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Thursday, September 23,2010

Back from the brink

After 17 months, Rose Hill Drive is ready to try again

By David Accomazzo

Rose Hill Drive almost dissolved 17 months ago, when members became disillusioned with the direction their career was taking. Now, they’ve added bassist Jimmy Stofer and they’re gearing up for a second run, reincarnated as a four-piece.

But they came close to making their so-called hiatus permanent.

Rose Hill Drive’s intense love of ’60s and ’70s rock and their stunning ability to channel their heroes on stage and in their songwriting gained them a lot of fans, both in their hometown and out, after they released their first album in 2006.

Then a power trio, the three possessed the massive chops necessary to pound out outstandingly faithful reproductions of the classic rock influences they wore proudly on their sleeves. Their covers were so good that people at their shows across the country would shout out Hendrix and Zeppelin songs at shows instead of the band’s original songs.

Eventually, bassist/singer Jacob Sproul started to hate it.

“We were going to quit. We were going to stop playing together,” Sproul says.

The trouble began just months after they released their second album, Moon Is The New Earth, on July 24, 2008. They were touring, but they were restless. They had trapped themselves in a web of their own talent. Their stellar covers became the main attraction, Sproul says; the silhouettes of the rock gods whose music they loved had begun to overshadow their own. They played one final show on Dec. 31, 2008, and called it quits indefinitely. Appropriately, the band covered, start to finish, Led Zeppelin II.

“We were just ready to be done at that point,” Sproul says. “We learned the tunes, and it was hard for us. It was just a self-fulfilling annoyance to me. ... Playing the Zeppelin show at the very end felt very appropriate to me, because it was like, I don’t want to do this anymore. I want to be myself; I don’t want to pretend to be something else.”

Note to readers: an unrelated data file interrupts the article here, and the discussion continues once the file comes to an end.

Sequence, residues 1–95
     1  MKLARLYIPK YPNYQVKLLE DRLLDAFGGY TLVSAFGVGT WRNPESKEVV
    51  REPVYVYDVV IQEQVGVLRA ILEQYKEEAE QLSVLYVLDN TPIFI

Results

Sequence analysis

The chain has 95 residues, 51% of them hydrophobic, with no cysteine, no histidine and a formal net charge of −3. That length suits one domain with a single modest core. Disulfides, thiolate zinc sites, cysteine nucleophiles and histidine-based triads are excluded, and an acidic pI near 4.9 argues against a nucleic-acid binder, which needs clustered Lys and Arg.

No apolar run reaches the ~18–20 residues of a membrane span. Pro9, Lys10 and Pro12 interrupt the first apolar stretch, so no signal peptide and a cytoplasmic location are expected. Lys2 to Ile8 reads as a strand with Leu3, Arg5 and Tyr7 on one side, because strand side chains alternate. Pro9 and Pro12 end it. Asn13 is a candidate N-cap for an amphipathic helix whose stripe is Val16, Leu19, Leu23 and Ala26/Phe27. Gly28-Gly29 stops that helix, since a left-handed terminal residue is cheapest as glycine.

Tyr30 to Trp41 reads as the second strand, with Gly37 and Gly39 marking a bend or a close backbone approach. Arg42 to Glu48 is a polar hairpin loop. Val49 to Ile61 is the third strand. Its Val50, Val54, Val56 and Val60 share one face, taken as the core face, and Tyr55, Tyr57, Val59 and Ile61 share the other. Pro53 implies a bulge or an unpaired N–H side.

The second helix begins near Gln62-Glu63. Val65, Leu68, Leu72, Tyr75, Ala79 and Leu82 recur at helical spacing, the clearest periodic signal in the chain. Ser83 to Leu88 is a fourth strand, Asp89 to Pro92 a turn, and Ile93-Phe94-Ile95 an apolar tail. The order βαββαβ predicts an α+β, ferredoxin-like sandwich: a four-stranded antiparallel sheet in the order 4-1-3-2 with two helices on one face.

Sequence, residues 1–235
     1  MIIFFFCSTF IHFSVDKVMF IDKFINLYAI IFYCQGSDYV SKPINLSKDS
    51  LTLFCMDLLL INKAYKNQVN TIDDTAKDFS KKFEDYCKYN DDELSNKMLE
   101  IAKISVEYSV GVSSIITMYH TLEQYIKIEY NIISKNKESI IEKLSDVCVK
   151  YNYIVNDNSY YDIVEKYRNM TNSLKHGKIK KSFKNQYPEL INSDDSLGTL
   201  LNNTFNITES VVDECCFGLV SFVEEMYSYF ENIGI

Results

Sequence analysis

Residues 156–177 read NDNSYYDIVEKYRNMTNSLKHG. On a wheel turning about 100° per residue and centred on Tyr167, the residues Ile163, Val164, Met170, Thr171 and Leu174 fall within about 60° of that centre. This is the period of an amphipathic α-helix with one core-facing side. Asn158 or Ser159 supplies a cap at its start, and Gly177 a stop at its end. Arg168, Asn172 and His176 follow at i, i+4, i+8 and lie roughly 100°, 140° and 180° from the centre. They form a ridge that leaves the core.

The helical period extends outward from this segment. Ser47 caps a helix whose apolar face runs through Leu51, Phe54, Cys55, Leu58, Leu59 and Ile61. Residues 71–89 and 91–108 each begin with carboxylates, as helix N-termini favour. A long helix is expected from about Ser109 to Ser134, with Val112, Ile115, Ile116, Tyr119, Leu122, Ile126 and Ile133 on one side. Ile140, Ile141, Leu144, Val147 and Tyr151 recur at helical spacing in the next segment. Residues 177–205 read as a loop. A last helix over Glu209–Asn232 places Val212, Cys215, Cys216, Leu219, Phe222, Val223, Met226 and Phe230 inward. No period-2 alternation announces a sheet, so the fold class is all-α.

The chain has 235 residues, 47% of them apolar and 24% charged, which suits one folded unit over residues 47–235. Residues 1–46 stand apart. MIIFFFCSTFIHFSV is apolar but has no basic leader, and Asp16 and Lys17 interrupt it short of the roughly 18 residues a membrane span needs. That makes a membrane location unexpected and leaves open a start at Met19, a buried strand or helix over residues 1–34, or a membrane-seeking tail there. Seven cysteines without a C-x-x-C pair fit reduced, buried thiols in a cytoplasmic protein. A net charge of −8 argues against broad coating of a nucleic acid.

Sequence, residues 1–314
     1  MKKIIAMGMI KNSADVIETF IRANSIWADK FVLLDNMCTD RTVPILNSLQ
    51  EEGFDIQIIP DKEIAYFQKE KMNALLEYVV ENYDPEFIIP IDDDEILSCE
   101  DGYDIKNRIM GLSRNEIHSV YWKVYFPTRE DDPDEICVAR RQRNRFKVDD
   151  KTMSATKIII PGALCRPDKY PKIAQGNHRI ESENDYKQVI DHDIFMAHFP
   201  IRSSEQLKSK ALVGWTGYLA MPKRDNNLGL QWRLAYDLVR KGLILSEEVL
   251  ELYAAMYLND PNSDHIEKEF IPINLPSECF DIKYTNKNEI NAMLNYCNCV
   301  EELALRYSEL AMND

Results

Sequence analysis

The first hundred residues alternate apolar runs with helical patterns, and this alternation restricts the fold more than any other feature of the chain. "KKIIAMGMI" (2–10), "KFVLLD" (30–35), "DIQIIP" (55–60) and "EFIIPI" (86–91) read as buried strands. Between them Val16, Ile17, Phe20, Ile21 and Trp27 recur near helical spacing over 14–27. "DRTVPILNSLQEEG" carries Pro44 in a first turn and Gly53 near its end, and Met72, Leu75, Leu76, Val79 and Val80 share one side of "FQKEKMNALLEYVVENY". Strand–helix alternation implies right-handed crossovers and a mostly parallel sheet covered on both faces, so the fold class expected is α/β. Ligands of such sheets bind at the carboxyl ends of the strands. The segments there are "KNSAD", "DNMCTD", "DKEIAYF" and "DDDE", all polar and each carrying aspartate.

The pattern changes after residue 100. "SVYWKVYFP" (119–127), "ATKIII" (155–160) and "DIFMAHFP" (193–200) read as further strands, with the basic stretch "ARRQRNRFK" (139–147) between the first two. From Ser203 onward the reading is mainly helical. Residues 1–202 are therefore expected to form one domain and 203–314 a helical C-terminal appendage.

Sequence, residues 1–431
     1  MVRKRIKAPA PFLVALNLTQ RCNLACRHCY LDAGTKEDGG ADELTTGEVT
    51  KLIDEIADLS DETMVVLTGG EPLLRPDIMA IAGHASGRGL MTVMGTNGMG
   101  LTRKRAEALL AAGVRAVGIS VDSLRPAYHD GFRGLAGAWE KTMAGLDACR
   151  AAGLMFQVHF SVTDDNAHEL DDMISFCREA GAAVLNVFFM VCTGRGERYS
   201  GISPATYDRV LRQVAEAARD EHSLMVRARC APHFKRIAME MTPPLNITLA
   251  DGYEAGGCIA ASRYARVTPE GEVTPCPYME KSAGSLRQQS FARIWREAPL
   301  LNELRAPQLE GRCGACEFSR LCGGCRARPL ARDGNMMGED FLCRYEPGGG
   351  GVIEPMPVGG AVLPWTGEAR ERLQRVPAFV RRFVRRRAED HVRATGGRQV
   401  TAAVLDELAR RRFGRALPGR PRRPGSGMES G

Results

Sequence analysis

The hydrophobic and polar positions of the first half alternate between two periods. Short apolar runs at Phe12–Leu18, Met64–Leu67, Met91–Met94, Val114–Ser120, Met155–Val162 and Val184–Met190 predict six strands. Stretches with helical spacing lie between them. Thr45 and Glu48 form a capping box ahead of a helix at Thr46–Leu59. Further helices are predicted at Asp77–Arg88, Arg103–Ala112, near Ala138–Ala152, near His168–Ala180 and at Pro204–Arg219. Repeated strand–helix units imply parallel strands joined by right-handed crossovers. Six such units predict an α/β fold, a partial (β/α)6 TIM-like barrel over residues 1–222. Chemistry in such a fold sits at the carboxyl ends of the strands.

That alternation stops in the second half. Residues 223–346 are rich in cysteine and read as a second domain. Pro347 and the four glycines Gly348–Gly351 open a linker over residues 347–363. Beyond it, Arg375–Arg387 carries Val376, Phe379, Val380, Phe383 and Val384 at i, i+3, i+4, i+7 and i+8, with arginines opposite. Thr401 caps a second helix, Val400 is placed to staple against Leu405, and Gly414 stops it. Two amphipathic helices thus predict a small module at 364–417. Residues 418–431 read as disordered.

For those not close to the band, the timing of the hiatus was puzzling, to say the least. It capped off a three-year stretch that saw the band open for The Who, The Black Crowes, Robert Randolph, Wilco, Queens of the Stone Age, Van Halen, Gov’t Mule and Aerosmith. The reviews for Moon Is The New Earth were generally positive. When critics say things like, “Rose Hill Drive have already played arenas as openers; one suspects it won’t be long before they return as headliners,” and “They don’t have their own ‘Immigrant Song’ yet, but they have the learning — and the will,” you’d think the band would have been able to buoy that praise into momentum of some sort. But for Rose Hill Drive, success didn’t come that easily.

“We [were] on the road for a long time and, you know, just wanting to do certain things, and pushing and pushing and trying for these things that felt like they were so close yet so far away,” Sproul says.

Burdened by the cover-band shackles, Rose Hill fell into creative doldrums. The band didn’t play another show until a year later, when they opened for Jane’s Addiction this past New Year’s Eve in Aspen. Looking to shake things up, the band reached out to Stofer — who had joined them on bass to cover Led Zeppelin II — and invited him to jam. Stofer would play bass, and Jacob would join his brother Daniel on guitar. Things went well, and the band asked Stofer to join.